Endangered Species Act Revisions Still Needed
January 6, 2004
The main purpose of the 1973 Endangered Species Act is to protect species on the verge of extinction and to aid in their recovery; yet some consider it a failure, perhaps one of the worst environmental laws passed by the government. Over the past 30 years:
- Only 30 species have been removed from the "endangered" list of over 1,000.
- The primary reason for the removal of these species is their extinction and not their recovery through government efforts.
- Much of the ESA's touted success involves species that were never actually endangered, or due to influences outside of the ESA.
- Birds such as the bald eagle have more likely been helped by the 1972 ban on the pesticide DDT, not the ESA.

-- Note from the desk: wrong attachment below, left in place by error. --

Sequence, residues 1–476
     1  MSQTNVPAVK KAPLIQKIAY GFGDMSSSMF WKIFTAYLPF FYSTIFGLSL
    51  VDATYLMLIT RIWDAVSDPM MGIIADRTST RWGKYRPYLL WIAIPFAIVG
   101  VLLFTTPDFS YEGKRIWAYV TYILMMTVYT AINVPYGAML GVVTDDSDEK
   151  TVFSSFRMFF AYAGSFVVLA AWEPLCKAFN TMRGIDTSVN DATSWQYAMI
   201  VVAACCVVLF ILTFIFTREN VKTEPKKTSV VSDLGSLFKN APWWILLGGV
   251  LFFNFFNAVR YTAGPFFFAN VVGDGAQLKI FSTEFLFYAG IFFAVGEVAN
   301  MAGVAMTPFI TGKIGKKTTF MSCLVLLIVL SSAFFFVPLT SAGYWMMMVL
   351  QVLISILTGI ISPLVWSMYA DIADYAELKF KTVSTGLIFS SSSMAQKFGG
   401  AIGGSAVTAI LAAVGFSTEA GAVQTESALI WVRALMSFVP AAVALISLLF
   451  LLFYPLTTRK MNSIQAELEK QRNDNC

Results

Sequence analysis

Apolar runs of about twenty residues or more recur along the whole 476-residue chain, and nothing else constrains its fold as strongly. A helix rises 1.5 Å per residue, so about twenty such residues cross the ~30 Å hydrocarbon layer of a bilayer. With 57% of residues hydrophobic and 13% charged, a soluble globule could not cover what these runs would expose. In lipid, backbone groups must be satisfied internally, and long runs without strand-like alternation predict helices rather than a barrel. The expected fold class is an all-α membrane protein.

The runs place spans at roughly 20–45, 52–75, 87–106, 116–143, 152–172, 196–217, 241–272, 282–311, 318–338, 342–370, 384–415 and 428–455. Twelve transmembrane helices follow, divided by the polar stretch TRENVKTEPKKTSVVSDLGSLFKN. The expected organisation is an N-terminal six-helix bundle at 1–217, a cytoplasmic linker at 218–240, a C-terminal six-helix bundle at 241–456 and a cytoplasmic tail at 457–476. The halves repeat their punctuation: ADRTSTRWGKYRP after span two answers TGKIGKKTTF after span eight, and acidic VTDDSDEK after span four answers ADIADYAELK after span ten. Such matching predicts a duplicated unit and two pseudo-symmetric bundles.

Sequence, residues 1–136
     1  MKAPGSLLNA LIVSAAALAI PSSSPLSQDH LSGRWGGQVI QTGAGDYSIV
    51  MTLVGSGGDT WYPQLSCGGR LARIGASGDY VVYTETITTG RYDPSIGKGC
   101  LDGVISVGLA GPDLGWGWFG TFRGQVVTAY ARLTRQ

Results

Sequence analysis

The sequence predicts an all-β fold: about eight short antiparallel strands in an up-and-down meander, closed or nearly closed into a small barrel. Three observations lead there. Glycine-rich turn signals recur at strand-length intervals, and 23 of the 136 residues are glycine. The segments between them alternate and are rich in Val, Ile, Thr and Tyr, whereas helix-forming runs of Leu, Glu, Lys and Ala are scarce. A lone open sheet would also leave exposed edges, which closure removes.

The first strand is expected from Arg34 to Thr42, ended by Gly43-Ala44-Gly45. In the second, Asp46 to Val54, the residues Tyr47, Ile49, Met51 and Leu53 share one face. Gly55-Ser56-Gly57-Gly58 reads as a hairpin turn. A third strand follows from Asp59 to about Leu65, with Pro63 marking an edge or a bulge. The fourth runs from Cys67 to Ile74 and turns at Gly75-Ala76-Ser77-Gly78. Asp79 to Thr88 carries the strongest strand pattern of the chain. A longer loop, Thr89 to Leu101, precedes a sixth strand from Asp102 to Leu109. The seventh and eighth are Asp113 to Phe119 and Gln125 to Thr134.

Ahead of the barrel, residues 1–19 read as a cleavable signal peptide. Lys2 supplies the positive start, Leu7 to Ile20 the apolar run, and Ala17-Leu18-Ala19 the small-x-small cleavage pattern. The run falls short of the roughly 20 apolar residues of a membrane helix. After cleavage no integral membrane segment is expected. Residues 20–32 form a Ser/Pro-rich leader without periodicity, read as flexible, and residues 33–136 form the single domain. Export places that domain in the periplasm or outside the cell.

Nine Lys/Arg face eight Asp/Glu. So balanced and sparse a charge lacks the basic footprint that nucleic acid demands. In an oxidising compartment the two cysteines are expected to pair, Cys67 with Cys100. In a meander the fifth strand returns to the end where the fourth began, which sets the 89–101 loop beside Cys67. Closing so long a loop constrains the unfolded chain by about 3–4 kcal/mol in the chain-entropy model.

- For example, North Carolina Timber owners log young trees before they grow large enough to entice endangered critters.
- And a recent study found that landowners would not allow experts on their land to assess the Preble's meadow mouse population, fearing that ESA regulations would restrict use of their property.
An attempt by the Fish and Wildlife Service to revise the ESA to include "safe harbor" and "no surprises" protections for landowners was recently invalidated by a federal judge. There has been no major revision of the ESA since 1982, but Adler says the ESA must be fixed so that the federal government works with landowners, not against them.
Source: Jonathan Adler, "Bad for Your Land, Bad for the Critters," Wall Street Journal, December 31, 2003.
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